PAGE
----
Friday, December 6, 2013

Soft microrobots that simulate unicellular water microorganisms

December 6, 2013
Simulation of euglenid movement (credit: SISSA)
Miniaturized robots that could one day function medically inside the human body are being designed by researchers in Trieste and Catalonia.
The robots of the future will be increasingly like biological organisms, with the same “softness” and flexibility as biological tissues, according to Antonio De Simone from SISSA (the International School for Advanced Studies of Trieste) and Marino Arroyo from the Polytechnic University of Catalonia, who have just published a paper in the Journal of the Mechanics and Physics of Solids, inspired by unicellular water microorganisms.

“If I think of the robots of tomorrow, what comes to mind are the tentacles of an octopus or the trunk of an elephant rather than the mechanical arm of a crane or the inner workings of a watch, said De Simone. “And if I think of microrobots, I think of unicellular organisms moving in water.
One of the aims of De Simone’s research — which has recently been awarded a European Research Council Advanced Grant of 1,300,000 euro — is to transfer the knowledge acquired in euglenids (unicellular microorganisms) to microrobotics. Microrobots may in fact carry out a number of important functions, for example for human health, by delivering drugs directly to where they are needed, re-­opening occluded blood vessels, or helping to close wounds, he suggests.
To do this, these tiny robots will have to be able to move around efficiently. “Imagine trying to miniaturize a device made up of levers and cogwheels: you can’t go below a certain minimal size. Instead, by mimicking biological systems we can go all the way down to cell size, and this is exactly the direction research is taking. We, in particular, are working on movement and studying how certain unicellular organisms with highly efficient locomotion move.”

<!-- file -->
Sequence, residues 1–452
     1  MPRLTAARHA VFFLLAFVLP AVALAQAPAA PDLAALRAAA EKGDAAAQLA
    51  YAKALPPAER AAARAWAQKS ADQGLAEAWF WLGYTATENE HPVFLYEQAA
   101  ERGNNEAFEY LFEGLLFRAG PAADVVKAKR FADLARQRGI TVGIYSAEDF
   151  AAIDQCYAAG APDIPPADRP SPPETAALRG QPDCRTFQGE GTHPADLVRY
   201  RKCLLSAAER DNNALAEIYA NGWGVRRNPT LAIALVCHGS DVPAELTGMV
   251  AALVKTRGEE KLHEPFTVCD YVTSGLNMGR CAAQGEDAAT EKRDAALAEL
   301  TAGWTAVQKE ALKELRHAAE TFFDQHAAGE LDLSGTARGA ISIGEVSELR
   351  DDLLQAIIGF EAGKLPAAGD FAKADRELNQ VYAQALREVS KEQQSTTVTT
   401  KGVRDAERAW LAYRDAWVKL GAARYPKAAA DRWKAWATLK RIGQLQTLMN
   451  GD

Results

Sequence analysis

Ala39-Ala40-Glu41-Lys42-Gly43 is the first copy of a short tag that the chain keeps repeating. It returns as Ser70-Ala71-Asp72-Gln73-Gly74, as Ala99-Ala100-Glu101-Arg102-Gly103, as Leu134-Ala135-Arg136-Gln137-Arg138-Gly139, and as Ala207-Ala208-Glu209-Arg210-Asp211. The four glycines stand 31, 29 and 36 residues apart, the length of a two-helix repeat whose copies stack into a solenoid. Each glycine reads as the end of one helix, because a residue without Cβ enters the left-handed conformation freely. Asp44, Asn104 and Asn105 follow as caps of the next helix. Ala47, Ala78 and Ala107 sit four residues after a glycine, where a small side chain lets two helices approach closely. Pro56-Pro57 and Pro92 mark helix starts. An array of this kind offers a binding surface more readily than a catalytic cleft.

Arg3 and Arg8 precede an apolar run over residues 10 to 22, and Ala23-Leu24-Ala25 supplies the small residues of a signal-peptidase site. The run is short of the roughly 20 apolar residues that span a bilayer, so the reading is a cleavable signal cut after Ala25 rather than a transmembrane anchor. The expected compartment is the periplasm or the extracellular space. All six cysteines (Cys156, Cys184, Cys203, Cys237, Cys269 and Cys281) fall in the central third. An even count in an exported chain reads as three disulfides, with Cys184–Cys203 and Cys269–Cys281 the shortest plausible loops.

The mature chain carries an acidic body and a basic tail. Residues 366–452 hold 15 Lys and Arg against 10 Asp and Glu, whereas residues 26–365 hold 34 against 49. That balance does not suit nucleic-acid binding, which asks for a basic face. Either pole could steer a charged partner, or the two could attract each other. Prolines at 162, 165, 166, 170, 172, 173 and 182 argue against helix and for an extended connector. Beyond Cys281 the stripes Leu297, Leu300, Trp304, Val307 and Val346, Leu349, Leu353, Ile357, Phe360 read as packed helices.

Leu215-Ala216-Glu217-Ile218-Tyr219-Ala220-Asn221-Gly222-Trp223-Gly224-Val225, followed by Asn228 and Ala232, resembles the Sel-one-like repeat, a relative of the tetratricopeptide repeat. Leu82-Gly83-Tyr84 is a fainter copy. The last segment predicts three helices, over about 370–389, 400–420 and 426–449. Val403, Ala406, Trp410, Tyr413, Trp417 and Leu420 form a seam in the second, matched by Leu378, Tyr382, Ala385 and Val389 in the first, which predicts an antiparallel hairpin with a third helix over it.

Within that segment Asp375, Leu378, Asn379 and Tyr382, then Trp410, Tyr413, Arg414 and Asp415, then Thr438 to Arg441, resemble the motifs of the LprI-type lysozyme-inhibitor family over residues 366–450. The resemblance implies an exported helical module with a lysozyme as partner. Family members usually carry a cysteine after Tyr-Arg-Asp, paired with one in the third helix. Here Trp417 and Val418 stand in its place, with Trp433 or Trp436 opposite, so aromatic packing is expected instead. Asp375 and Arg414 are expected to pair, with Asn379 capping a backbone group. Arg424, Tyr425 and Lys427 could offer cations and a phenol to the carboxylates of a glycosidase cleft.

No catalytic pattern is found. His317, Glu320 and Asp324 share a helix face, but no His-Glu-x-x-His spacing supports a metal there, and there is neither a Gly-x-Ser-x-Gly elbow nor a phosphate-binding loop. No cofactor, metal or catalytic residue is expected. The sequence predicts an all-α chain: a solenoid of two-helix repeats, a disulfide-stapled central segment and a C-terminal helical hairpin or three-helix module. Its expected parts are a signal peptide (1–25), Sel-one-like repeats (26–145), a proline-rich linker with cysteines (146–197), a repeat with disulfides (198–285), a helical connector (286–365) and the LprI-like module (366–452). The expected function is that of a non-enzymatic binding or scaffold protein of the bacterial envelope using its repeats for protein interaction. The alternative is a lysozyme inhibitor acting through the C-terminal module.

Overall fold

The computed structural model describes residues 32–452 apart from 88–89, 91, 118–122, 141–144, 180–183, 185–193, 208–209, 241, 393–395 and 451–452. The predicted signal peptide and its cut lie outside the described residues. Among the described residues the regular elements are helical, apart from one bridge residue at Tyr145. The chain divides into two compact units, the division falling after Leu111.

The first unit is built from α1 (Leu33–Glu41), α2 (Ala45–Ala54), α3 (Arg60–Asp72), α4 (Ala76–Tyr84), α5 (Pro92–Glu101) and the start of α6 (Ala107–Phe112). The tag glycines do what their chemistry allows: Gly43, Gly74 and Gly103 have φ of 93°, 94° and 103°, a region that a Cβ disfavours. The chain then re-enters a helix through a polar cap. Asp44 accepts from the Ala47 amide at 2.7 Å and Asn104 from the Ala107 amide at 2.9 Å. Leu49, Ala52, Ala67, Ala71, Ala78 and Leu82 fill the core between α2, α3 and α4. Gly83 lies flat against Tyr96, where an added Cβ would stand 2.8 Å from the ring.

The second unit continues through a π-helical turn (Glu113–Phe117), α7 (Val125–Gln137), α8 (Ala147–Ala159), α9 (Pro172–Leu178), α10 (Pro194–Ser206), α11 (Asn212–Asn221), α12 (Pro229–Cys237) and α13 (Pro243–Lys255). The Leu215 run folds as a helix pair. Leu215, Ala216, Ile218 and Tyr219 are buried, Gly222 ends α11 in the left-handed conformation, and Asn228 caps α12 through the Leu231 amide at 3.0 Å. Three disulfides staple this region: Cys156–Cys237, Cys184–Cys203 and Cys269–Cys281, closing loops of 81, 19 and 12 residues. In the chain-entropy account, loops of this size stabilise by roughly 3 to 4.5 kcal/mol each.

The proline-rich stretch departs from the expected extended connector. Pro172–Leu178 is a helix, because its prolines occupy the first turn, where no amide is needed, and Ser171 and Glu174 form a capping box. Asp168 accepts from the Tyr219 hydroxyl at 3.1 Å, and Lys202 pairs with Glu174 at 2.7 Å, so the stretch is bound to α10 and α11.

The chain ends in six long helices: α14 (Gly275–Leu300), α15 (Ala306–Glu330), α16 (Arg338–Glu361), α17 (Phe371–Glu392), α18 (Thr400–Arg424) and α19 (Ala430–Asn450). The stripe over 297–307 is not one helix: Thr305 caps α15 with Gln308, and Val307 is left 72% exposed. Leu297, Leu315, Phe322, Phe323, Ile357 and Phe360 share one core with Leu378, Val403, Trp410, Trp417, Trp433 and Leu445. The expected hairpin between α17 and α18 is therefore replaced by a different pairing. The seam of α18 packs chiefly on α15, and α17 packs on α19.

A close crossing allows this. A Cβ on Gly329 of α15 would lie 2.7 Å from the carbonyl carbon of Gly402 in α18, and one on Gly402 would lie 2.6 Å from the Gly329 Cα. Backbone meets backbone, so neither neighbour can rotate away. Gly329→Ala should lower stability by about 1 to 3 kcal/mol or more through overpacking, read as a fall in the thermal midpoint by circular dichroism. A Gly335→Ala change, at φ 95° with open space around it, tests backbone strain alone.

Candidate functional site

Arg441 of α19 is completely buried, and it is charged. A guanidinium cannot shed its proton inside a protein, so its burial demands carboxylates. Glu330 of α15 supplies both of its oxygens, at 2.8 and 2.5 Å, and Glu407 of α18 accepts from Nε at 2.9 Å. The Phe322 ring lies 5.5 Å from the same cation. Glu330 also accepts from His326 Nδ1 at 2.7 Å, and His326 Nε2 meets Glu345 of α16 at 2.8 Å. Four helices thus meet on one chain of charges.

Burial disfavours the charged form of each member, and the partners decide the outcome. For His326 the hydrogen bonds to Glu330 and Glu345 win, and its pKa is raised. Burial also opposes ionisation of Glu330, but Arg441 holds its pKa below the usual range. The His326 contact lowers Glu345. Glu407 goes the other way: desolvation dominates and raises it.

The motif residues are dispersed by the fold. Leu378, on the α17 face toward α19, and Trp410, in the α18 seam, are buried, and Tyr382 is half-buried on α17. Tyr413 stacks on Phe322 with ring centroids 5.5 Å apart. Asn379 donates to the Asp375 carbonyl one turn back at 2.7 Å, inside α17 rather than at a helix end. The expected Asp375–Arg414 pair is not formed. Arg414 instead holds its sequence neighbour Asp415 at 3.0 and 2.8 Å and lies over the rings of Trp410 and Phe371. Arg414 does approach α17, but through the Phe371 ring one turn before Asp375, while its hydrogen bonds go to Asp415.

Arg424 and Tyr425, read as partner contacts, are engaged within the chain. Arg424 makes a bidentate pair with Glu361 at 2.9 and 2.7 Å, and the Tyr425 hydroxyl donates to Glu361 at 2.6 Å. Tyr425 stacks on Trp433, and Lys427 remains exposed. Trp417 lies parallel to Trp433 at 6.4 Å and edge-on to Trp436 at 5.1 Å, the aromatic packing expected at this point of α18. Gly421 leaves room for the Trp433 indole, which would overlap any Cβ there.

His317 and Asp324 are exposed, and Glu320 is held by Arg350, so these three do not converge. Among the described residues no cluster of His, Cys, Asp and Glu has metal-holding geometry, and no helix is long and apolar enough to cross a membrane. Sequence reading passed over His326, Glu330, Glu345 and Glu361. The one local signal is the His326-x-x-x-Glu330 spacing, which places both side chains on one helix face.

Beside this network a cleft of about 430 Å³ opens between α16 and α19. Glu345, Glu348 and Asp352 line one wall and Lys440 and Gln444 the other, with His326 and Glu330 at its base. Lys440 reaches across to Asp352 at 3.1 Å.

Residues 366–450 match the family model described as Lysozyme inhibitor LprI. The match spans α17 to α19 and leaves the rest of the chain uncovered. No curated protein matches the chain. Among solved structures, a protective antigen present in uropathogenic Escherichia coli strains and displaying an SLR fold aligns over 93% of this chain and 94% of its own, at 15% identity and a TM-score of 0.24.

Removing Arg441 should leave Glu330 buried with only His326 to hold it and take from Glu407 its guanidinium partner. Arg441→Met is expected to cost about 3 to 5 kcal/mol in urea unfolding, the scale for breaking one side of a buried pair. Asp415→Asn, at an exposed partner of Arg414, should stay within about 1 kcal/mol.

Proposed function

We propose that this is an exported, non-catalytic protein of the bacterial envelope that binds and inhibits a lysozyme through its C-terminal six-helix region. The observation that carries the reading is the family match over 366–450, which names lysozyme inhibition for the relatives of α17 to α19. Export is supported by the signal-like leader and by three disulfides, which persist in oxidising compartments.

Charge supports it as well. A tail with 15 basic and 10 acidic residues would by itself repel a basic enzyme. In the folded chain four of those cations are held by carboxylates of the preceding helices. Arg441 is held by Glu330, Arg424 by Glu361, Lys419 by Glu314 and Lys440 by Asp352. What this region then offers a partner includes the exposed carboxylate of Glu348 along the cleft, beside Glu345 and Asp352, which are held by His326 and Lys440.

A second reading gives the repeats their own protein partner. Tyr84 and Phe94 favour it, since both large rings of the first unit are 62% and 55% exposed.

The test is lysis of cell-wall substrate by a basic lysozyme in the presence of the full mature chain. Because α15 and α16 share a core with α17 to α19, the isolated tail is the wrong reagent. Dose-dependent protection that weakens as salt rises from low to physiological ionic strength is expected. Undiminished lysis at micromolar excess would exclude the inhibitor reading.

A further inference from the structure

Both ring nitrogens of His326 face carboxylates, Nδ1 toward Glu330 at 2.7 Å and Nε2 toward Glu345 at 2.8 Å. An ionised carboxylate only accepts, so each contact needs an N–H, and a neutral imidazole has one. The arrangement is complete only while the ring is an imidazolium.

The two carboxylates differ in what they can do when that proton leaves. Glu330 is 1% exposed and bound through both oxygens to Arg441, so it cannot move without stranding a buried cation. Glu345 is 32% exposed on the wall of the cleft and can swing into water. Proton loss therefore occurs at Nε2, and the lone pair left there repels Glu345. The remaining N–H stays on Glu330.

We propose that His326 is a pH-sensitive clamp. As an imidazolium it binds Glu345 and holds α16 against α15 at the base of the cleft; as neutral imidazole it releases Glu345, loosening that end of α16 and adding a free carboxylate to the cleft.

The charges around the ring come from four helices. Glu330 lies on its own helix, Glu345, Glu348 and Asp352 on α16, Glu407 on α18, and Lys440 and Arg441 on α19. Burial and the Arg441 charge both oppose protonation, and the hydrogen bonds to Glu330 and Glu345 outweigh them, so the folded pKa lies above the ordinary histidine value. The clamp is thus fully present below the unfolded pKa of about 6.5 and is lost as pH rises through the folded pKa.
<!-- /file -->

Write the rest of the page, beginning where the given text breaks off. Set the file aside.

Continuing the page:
In their study, De Simone and Arroyo simulated euglenid species with different shapes and locomotion methods, based chiefly on cell body deformation and swelling, to describe in detail the mechanics and characteristics of the movements.
These devices may possibly incorporate some of the features of the nanorobots (“nanobots”) conceptually designed by Robert A. Freitas, Jr.
Video 1 (simulation of euglenid movement)
Video 2 (simulation of euglenid movement)

Abstract of Journal of the Mechanics and Physics of Solids paper
We examine a novel mechanism for active surface morphing inspired by the cell body deformations of euglenids. Actuation is accomplished through in-plane simple shear along prescribed slip lines decorating the surface. Under general non-uniform actuation, such local deformation produces Gaussian curvature, and therefore leads to shape changes. Geometrically, a deformation that realizes the prescribed local shear is an isometric embedding. We explore the possibilities and limitations of this bio-inspired shape morphing mechanism, by first characterizing isometric embeddings under axisymmetry, understanding the limits of embeddability, and studying in detail the accessibility of surfaces of zero and constant curvature. Modeling mechanically the active surface as a non-Euclidean plate (NEP), we further examine the mechanism beyond the geometric singularities arising from embeddability, where mechanics and buckling play a decisive role. We also propose a non-axisymmetric actuation strategy to accomplish large amplitude bending and twisting motions of elongated cylindrical surfaces. Besides helping understand how euglenids delicately control their shape, our results may provide the background to engineer soft machines.

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